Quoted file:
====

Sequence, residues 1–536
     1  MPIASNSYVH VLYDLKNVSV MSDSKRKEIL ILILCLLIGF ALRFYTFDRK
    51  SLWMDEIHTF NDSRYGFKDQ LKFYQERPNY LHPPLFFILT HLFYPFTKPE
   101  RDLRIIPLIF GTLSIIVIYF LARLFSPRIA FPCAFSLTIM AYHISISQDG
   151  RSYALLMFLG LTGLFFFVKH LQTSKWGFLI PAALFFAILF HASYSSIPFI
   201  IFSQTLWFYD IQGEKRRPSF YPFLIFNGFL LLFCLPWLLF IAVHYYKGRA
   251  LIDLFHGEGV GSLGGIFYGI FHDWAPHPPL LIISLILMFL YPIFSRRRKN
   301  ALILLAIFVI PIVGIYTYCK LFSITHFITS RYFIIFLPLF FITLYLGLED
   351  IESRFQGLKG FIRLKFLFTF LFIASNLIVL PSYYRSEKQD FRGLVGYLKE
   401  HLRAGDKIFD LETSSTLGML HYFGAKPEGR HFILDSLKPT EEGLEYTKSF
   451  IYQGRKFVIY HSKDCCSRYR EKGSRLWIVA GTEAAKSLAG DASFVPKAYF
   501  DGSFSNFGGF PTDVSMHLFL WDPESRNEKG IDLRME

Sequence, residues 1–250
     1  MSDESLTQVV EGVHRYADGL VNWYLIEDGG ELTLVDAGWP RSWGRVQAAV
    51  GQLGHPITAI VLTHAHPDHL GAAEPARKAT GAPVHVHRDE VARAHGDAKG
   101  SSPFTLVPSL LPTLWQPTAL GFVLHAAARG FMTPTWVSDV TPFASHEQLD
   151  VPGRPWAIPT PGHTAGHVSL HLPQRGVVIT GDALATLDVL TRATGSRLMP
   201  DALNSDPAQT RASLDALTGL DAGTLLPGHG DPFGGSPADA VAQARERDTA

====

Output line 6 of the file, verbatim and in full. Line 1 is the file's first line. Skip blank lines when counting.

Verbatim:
   201  IFSQTLWFYD IQGEKRRPSF YPFLIFNGFL LLFCLPWLLF IAVHYYKGRA